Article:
Before the rock music of “Hair” and “Jesus Christ Superstar,” before the ironies of Stephen Sondheim, before the bleak visions of Kander and Ebb, before the epic stagings of “Phantom” and “Les Miz,” Broadway musicals relied on at least one of three elements: hummable melodies that could be recorded by pop singers, roles where a star could bewitch the audience and a conflict-and-resolution structure dating to operettas of the 19th century.
“Hello, Dolly!” had all three. They were masterfully assembled 55 years ago by author Michael Stewart, who adapted Thornton Wilder’s play “The Matchmaker,” and composer-lyricist Jerry Herman, now the last living practitioner of this ancient art. (He turned 88 Wednesday.) When the show closed in 1970, after going through seven famous actresses in the title role, it was the longest-running musical in history.
The national tour came to Belk Theater Tuesday in the PNC Broadway Lights series, bringing the production that won a 2017 Tony for best musical revival. It trails acclaim from critics and audiences the way seraphim trail clouds of glory in Renaissance paintings.
Yet the praise fits. This “Dolly” – no museum piece, but a vital example of a form taken seriously by re-creators – both is and isn’t the show your parents loved.
A theatrical icon still plays the woman who straightens out romantic problems for others and, finally, herself: Betty Buckley, who first reached Broadway 50 years ago. The songs burn themselves into memory all over again, this time with new orchestrations by Larry Hochman. Once more, sets and costumes by Santo Loquasto deliver the longed-for opulence.
Yet this Dolly has been paired with the strongest Vandergelder I’ve seen on Broadway or on tour, Lewis J. Stadlen. His gruff “half-a-millionaire” stands his own against the irresistible matchmaker who claims him. Stadlen plays Vandergelder with the roguish exaggeration of a great vaudevillian; long after his 1970 Broadway debut as young Groucho Marx in “Minnie’s Boys,” he gives us a taste of Groucho’s half-mocking outrage.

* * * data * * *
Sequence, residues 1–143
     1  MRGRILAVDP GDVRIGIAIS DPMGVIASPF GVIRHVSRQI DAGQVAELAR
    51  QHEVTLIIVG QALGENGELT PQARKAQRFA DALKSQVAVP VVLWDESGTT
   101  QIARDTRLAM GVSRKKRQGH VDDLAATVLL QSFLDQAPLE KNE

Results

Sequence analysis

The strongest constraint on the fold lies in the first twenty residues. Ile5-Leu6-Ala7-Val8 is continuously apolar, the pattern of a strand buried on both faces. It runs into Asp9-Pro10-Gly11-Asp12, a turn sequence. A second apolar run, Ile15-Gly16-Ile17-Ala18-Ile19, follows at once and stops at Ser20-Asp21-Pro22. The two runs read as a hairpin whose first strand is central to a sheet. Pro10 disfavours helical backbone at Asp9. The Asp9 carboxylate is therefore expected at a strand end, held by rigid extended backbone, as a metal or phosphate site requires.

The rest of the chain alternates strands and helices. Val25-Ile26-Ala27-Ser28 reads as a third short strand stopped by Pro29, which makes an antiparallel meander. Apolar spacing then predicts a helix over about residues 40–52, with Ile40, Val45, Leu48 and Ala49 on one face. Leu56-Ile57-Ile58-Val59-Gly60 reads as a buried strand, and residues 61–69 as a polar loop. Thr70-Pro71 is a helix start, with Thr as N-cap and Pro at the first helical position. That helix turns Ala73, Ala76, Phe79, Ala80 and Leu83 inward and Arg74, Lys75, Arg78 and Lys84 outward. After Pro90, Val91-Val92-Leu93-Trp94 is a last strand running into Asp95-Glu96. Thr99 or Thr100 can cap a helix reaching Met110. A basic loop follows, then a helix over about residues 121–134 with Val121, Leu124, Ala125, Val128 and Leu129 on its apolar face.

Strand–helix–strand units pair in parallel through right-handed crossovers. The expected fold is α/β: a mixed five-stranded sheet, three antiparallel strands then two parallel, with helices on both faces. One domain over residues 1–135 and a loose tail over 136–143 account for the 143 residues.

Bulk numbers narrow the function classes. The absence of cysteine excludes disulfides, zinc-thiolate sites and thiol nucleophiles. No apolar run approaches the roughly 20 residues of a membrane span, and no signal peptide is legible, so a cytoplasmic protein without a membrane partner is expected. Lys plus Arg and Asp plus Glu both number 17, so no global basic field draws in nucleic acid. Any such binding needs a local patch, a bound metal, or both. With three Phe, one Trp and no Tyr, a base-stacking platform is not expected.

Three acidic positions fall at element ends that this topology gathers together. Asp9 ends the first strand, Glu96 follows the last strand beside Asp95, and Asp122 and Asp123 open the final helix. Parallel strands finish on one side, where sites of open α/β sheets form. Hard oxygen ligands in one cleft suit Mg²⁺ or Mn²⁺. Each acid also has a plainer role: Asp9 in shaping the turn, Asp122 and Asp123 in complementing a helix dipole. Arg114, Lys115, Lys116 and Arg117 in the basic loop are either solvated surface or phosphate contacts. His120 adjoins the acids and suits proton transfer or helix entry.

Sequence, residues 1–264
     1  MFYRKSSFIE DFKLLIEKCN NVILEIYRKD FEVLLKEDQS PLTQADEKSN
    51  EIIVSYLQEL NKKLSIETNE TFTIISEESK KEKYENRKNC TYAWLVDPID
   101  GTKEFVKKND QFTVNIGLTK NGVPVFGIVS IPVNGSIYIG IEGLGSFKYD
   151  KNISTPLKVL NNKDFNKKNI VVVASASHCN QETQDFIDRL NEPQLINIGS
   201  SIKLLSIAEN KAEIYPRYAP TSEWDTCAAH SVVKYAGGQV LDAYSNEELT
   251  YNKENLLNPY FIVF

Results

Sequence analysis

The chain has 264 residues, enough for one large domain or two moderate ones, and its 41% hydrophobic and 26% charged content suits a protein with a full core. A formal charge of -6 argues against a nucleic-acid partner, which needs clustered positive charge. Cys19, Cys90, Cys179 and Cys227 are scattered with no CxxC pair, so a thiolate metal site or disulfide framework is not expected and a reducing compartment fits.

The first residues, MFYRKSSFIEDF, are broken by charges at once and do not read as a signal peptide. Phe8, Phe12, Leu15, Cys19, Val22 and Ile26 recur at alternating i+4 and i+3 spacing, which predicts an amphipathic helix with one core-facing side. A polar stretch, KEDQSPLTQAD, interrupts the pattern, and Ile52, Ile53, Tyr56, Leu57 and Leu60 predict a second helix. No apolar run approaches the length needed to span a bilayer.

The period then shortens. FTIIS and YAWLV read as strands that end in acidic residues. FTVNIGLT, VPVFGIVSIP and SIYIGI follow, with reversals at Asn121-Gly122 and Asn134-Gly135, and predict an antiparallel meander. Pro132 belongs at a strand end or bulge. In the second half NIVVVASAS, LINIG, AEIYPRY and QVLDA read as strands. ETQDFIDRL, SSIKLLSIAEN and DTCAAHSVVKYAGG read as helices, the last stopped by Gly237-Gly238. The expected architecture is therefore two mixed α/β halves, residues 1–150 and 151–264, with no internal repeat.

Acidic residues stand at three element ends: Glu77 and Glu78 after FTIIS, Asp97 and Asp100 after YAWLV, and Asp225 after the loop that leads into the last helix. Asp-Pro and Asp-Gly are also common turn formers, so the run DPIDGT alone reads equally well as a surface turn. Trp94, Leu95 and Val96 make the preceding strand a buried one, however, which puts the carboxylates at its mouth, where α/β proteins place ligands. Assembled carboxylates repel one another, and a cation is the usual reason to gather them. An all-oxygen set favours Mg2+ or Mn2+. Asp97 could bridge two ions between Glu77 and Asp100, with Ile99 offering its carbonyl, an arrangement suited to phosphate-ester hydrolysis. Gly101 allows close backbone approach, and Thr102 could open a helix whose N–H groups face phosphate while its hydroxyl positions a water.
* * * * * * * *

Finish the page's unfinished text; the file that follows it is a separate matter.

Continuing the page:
We notice new things about Dolly, too. She’s a feisty Irishwoman – Dolly Gallagher, before marrying Ephraim Levi – with a hint of brogue and a delight in her own blarney. Carol Channing played to the audience when I saw her, begging for admiration, but Buckley plays with the audience, making us co-conspirators. Her addresses to the late Ephraim seem like requests for guidance, not grandstand appeals to the world at large.
Director Jerry Zaks tweaked major characters, and to good effect. Lonely Cornelius Hackl (Nic Rouleau), Vandergelder’s lowly-paid clerk at 33, has a poignant side, despite his outward cheer. Irene Molloy (Analisa Leaming) seems less wistful and more playful, not just hoping to meet an eligible guy but claiming her right to be loved. The third leads haven’t changed: Minnie and Barnaby giggle and gush, but Kristen Hahn and Sean Burns make them fun to watch.
The whirling, high-stepping dancers deserve special mention. Warren Carlyle kept some of Gower Champion’s moves from the ’60s – look for the waiters’ small, intricate steps in place – but added fresh touches. Like the rest of the show, his choreography has one foot in the past and one in the present, reminding us why “Dolly” should never go away.
WHEN: Through July 14 at 7:30 p.m. Wednesday-Thursday, 8 p.m. Friday, 2 and 8 p.m. Saturday, 1:30 and 7 p.m. Sunday.
WHERE: Belk Theater, 130 N. Tryon St.
RUNNING TIME: 150 minutes with one intermission.
DETAILS: 704-372-1000 or blumenthalarts.org.
Want to get more arts stories like this delivered to your inbox? Sign up for the free “Inside Charlotte Arts” newsletter at charlotteobserver.com/newsletters
You can also join our Facebook group, “Inside Charlotte Arts,” at https://www.facebook.com/groups/insidecharlottearts/